India and Singapore have revised a bilateral tax agreement to allow India to start imposing capital gains tax on investments from Singapore from April next year and fully withdraw tax exemptions in two years.
This applies to the capital gains tax exemption for shares in a company, which is currently enjoyed by Singapore investments in India.
Visiting Singapore Deputy Prime Minister Tharman Shanmugaratnam and Indian Finance Minister Arun Jaitley yesterday finalised the terms of the revised bilateral Avoidance of Double Taxation Agreement, said Singapore's Ministry of Finance (MOF) in a statement.
Both also agreed on steps towards a set of new initiatives for joint promotion of bilateral investments with a view to concluding an agreement in the second half of next year, said MOF.
Under the revised terms, the existing tax exemption on capital gains for shares acquired before April 1, 2017 will remain, said MOF.
For shares acquired on or after April 1, 2017, capital gains from such shares will be taxed at 50 per cent of India's domestic tax rate if the capital gains arise during April 1, 2017 to March 31, 2019.
After March 31, 2019, the entire capital gains tax will go to India, said Mr Jaitley at a press conference.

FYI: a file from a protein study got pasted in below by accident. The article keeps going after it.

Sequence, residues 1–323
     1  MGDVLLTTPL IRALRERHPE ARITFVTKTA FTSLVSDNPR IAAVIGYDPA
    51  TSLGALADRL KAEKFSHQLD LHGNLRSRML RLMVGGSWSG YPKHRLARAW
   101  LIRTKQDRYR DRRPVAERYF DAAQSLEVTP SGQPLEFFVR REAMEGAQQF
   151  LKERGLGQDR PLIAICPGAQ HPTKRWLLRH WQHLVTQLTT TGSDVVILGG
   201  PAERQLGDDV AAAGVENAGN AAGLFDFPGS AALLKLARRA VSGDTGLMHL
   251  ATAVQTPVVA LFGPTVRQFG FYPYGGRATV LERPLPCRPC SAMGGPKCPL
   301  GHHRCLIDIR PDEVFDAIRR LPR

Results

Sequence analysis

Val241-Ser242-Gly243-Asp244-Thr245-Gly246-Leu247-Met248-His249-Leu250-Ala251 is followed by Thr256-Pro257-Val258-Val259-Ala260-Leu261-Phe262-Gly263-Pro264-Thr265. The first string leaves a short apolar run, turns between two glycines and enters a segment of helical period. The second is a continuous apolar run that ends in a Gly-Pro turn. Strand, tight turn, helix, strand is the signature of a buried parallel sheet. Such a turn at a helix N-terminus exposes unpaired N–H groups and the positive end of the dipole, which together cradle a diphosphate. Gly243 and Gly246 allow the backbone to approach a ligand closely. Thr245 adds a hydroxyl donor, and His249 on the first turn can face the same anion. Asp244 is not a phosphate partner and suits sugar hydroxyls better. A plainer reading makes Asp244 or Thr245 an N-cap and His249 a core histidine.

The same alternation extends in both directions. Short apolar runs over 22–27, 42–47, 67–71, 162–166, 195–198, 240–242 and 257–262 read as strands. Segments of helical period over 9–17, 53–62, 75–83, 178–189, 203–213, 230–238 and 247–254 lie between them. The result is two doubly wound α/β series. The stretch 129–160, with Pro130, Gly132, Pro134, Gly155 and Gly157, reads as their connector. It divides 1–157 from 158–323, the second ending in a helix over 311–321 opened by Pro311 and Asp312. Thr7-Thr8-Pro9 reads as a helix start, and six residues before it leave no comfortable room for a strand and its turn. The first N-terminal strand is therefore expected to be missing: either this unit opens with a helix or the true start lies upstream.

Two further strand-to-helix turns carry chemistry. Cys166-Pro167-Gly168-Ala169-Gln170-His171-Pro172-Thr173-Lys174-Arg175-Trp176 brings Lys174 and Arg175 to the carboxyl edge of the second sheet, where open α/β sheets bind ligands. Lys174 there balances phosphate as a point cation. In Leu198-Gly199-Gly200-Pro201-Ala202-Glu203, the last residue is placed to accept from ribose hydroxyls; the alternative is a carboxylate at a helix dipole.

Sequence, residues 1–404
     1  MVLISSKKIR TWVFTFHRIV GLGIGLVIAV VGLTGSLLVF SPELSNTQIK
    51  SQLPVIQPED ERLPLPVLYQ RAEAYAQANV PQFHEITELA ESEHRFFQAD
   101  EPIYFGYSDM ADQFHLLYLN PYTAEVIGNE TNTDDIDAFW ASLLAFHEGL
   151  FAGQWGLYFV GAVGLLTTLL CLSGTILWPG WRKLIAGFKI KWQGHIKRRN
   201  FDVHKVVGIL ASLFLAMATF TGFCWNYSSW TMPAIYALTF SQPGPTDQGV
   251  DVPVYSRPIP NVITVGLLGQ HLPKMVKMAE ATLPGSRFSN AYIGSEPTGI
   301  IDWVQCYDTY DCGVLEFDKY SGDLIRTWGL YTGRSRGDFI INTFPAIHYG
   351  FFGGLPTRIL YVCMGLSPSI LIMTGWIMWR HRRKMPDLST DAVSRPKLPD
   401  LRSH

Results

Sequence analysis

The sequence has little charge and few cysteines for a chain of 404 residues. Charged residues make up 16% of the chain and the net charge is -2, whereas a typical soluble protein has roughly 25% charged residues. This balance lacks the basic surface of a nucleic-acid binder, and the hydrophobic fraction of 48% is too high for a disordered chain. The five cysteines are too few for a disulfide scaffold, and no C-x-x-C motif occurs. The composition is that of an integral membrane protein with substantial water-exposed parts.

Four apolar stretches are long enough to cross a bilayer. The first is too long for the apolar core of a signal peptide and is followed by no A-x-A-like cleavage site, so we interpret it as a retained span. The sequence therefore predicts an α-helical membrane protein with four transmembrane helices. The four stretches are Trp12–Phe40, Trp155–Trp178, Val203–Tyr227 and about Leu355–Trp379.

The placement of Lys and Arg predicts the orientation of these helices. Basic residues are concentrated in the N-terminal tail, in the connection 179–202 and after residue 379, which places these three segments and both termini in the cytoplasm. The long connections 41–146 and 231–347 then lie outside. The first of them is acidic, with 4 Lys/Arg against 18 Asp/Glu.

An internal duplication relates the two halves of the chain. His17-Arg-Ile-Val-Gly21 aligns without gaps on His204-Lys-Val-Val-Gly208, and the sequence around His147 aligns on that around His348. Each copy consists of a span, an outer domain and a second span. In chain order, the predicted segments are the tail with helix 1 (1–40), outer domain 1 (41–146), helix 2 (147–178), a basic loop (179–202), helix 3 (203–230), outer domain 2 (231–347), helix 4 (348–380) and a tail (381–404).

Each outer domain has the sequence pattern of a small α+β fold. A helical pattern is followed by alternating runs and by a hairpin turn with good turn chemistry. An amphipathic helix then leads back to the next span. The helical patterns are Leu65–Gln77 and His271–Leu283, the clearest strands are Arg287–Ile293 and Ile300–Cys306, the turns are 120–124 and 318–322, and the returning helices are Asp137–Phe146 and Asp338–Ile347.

The amendments were expected after India this year re-drafted a 33-year-old tax treaty with Mauritius.
There is a provision in the tax treaty between India and Singapore saying that any changes in the Mauritius treaty would automatically apply to the one with Singapore.
Mr Jaitley said the move was to help plug a source of possible misuse of the double tax avoidance treaty in the round tripping of funds and generation of black money.
Mauritius and Singapore account for a large portion of all foreign direct investment inflows into India, The Times of India reported, as companies worldwide routed funds into the country through the two countries to avoid taxes.
India and Singapore share close political and economic ties, which grew fast after the two countries signed a Comprehensive Economic Co-operation Agreement in 2005.
Singapore remains among India's top investors - it was India's largest foreign direct investor from April last year to March this year, with US$13.7 billion (S$19.8 billion).
The negotiations to amend the tax treaty had gathered pace after Prime Minister Lee Hsien Loong's visit to India in October this year.
In remarks made in India, he said Singapore did not tolerate any money laundering or round tripping.
The Indian government also withdrew capital gains tax exemption to Cyprus.
It is understood that India had argued that it could not make an exception for Singapore.
Mr Jaitley said the withdrawal of capital gains exemptions to the three countries was in line with the government drive against black money, which led to the demonetisation of currency.
He said: "The revisiting of these arrangements was extremely important along with the battle against black money being fought currently in India. It is a happy coincidence that by amending them this year, we have been able to give reasonable burial to the black money route."